From the trailer, there are a lot of gritty and sometimes dark images, explain your visual concept for the film?

Visually, I wanted Detroit to be a character in the film. I shot with anamorphic lens to capture the wide landscape so you can see some many facets of Detroit pass the characters. This is a very intimate film and it was important to me not to have a lot happening in the exteriors. My cinematographer and I wanted to set up each shot as a portrait with characters in them.

What's next?

We are currently in development. We are currently raising funds to finish the film, as well as getting the support we need from the city. We begin shooting the full feature in November. After production, we will hopefully hit the some of the festivals circuits. I'm not really concerned how we get the film in the theaters, I just want to get the movie to as many people as possible. I believe it’s an important story to tell.

Watch the trailer for RUTH here:

For more on this project, please visit RUTH FILM

Lens Spotlight: Interview with Filmmaker Armani Martin

armani_martin_film

Atlanta, GA

How did you get your start in filmmaking?

Growing up on the southside of Chicago, it provided some of the best after school programs. One included Gallery 37, which had several subgroup art programs within one building. Video production was the program I signed up for where I learned the basics of preproduction, production and postproduction.

Where do you draw inspiration for your stories?

I buy huge white foam boards and tape to my wall so I can have an enlarged drawing board!

What are some of the messages you want your audience to take from your stories?

I've always wanted to be a social activist growing up, so whatever story I'm telling in which ever genre, I'll try to incorporate a social issue.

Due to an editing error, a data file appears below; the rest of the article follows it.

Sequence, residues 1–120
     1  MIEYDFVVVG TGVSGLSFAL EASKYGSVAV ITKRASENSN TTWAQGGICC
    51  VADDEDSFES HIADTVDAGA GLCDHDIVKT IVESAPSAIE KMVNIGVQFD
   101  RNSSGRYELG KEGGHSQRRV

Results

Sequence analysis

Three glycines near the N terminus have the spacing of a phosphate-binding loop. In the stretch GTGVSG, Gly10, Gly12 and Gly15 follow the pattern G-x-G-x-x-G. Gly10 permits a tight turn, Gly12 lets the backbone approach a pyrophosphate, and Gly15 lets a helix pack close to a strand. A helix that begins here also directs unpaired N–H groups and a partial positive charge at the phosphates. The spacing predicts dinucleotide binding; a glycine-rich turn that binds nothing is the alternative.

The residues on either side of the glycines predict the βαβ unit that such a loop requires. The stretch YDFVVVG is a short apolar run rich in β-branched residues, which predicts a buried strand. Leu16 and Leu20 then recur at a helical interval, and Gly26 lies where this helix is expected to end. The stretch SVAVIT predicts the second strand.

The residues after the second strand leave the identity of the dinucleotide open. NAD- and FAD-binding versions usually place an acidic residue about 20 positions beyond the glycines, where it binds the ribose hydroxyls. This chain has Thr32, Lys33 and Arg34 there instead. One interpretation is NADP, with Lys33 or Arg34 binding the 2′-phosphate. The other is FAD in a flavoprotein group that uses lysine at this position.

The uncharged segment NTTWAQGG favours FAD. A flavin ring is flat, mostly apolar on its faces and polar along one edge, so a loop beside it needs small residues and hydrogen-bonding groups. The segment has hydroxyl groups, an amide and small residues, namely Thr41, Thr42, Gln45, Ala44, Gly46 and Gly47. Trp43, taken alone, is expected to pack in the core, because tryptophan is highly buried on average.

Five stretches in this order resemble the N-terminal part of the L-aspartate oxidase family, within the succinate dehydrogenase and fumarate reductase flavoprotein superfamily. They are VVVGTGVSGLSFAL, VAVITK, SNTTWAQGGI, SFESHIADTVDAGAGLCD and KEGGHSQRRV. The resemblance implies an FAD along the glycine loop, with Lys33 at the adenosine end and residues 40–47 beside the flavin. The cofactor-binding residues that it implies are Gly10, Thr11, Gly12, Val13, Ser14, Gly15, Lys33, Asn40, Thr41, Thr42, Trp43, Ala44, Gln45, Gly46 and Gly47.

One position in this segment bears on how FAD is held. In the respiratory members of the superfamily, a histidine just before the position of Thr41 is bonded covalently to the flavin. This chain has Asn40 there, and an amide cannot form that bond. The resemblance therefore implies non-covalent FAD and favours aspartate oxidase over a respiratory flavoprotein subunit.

You have a new project, Deus ex Machina, you served as writer and director, give a synopsis and tell me about your experience was like making this film.

Deus ex Machina, the story of an earnest boy and his two friends on a journey to school, features the conflicts and issues they face every time the step outside of their home. This was the probably one of the greatest experiences of my life. Mainly because I've always wanted to be a director and this was my first project, 'my baby' if you will, to see my vision turn into reality and then be praised for it, is truly a dream come true.

What do you hope viewers to take away from this project?

I hope the viewers who are not black men can ultimately feel what black men have to endure daily and I want the black men to know they are not alone.

Your film was recently screened at the BronzeLens Film Festival. How was that experience?

BronzeLens Film Festival was truly the bomb! The festival was well organized and I received the most praise and love. It was like going to a film home at BronzeLens.

What are some of the challenges you face as an independent filmmaker who is also a woman of color?

In this industry, I feel as if the industry needs us, but does not want us. It's hard being independent especially financially. Having to pave my own trail is providing me well needed experience and substantial character building. I'm loving every step of the way.